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Gmail bug leaves you open to phishing

Gmail bug leaves you open to phishing
PHOTO COURTESY OF SHUTTERSTOCK

If you think scammers are always those sophisticated code-cracking hackers you see on TV, think again. Sometimes, minor glitches in software programs make scamming other people easier than it should be.

It's happening right now with a popular Android app with an extremely reputable name. A name you'd never expect to have a bug like this: Gmail.

Back in October, independent researcher Yan Zhu notified Google of an unusual bug she discovered in the Gmail app. The bug works only in the original Gmail Android app, and allows users to send emails that look like they were sent from someone else.

To do this, users don't need to override or rewrite any code. They simply have to change their display name in their account settings. Doing so hides their real name and email address, and those receiving the email won't be able to see it.

At first glance, you might think this could be used by teenagers looking to prank their friends. But it's extremely concerning when you realize what could happen if this information fell into the wrong hands. Phishing scams are already a huge problem, and this just makes it easier for scammers to trick you into thinking they're someone else.

Just look at how simple it was for Zhu to send an email that looked like a security notice from Google.

Gmail bug

To send this email, Zhu only had to change her name and add an extra set of quotation marks in the email address. This extra set of quotation marks is what triggered the bug. For example: ""security@google.com"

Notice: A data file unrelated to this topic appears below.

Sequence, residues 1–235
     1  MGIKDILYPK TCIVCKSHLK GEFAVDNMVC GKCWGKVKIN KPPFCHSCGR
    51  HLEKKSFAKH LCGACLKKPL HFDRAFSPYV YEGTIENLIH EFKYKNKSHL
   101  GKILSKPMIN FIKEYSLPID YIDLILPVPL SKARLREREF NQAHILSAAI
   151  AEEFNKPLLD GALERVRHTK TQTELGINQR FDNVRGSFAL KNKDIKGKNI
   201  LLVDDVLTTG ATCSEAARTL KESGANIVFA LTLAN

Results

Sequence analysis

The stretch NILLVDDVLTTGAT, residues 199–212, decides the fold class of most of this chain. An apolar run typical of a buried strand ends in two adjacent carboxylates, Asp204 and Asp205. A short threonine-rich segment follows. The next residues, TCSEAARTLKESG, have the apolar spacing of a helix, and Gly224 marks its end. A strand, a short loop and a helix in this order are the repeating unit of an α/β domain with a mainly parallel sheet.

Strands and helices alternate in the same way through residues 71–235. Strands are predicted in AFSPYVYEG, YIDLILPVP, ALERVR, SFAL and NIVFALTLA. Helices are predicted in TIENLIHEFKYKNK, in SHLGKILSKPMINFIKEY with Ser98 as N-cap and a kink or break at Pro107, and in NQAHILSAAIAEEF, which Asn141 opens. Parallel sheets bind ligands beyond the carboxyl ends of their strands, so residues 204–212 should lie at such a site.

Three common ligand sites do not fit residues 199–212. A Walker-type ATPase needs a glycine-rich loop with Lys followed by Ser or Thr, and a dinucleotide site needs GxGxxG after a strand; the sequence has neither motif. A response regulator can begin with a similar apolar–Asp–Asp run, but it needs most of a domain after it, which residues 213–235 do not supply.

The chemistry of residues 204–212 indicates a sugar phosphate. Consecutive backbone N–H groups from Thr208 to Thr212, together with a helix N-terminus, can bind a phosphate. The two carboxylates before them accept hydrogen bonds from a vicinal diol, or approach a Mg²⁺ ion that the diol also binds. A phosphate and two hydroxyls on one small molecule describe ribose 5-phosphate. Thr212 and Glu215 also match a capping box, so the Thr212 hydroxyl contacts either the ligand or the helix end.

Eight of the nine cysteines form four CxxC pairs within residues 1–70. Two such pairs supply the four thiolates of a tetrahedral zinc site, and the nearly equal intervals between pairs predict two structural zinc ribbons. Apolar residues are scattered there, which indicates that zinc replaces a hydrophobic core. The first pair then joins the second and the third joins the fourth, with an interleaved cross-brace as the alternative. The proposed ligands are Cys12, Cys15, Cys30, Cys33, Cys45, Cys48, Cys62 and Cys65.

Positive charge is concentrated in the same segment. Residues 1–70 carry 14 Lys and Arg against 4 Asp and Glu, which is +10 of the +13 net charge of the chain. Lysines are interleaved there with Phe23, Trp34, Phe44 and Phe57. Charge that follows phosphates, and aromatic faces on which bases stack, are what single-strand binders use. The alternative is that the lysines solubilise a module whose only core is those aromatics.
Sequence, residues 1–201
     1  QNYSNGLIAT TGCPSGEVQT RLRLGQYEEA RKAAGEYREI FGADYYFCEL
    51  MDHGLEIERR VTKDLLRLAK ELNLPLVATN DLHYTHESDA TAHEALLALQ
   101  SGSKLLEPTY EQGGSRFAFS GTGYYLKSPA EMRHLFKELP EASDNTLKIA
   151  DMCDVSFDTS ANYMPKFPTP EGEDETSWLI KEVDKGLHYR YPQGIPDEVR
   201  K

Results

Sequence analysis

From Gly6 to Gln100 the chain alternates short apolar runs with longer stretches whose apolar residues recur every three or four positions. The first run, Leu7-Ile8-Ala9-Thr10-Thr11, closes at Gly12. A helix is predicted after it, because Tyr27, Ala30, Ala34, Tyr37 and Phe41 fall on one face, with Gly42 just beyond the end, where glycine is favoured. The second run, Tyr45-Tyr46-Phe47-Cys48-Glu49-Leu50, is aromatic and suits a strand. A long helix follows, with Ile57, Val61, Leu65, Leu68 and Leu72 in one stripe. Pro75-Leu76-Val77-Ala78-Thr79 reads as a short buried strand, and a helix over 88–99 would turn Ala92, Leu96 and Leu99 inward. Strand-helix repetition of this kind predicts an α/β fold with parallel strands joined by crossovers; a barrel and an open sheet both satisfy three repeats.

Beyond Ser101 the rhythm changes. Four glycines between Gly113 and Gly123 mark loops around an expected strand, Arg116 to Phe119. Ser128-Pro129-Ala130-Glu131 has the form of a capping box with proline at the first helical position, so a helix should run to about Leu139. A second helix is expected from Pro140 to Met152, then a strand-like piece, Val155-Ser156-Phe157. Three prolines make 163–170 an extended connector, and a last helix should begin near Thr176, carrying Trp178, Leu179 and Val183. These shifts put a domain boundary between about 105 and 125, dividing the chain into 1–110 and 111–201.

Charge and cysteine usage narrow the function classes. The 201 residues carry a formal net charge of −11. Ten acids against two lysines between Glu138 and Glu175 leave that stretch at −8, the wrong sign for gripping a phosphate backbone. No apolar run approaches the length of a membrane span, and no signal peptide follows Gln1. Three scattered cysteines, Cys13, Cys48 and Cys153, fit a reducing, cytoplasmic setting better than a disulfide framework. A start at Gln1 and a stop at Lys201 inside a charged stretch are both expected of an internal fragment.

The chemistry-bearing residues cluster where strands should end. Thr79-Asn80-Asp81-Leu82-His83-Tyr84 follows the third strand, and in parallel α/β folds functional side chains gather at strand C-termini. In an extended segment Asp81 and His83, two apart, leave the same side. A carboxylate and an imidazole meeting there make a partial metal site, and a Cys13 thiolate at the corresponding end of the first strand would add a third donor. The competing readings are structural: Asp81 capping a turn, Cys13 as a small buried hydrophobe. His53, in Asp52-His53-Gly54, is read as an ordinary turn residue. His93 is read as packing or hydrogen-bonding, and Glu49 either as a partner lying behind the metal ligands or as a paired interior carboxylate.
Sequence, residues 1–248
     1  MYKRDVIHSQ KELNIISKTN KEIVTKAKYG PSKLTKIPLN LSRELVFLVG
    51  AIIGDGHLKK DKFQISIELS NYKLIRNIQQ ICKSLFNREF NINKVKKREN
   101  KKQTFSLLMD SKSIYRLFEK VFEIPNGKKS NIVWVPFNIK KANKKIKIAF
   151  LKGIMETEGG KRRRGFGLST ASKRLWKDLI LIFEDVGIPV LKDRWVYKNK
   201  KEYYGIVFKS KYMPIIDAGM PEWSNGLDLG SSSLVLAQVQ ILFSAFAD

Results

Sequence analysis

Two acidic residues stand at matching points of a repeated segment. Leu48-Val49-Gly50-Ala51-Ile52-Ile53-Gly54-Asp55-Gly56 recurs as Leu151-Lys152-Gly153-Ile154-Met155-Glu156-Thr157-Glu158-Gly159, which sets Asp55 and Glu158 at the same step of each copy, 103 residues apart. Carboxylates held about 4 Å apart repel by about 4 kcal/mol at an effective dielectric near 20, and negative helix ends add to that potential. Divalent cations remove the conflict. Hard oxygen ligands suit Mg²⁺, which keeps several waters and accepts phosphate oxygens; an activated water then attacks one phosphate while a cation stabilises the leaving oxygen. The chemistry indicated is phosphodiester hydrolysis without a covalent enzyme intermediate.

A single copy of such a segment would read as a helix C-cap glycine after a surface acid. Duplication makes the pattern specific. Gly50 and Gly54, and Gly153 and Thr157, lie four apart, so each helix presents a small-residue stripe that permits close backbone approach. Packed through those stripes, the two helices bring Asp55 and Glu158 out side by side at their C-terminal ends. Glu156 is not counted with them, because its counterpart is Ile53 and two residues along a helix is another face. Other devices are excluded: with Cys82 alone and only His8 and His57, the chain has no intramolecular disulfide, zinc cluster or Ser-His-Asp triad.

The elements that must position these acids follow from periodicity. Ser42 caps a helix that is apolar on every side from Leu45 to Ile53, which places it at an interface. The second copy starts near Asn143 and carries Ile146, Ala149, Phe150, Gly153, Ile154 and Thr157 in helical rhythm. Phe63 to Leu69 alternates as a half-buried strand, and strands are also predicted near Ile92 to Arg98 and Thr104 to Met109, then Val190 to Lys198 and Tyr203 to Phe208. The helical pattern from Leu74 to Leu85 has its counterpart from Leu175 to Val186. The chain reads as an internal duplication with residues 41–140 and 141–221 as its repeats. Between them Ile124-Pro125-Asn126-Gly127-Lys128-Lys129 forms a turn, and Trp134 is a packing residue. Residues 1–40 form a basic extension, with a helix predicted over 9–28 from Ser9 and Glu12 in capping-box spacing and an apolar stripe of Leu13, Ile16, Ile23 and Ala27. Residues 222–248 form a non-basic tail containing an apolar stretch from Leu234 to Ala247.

What's really concerning is the fact that Google's security team didn't jump on a solution once Zhu brought the issue to their attention. Instead they dismissed the report, stating, "Thanks for your note. We don't consider this to be a security vulnerability."

That was when Zhu decided to make the issue public. She released a tweet about the bug on Twitter, calling Google out on their lack of interest.

So far, Google has still not responded to Zho's request or resolved the issue. But some users on Twitter have thought of a way to bump this up on Google's priority list.

Once again, this news serves as a reminder of how important it is to protect yourself online. Always be cautious with your browsing, and only download software from reputable sites. Also, be sure to install an anti-virus/anti-spyware program, which will warn you if you've downloaded something malicious. This keeps you aware of potential threats before your computer has been compromised.

What do you think? Are you concerned by Google's lack of interest in this security threat? Let us know in the comments below.

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Source: Motherboard
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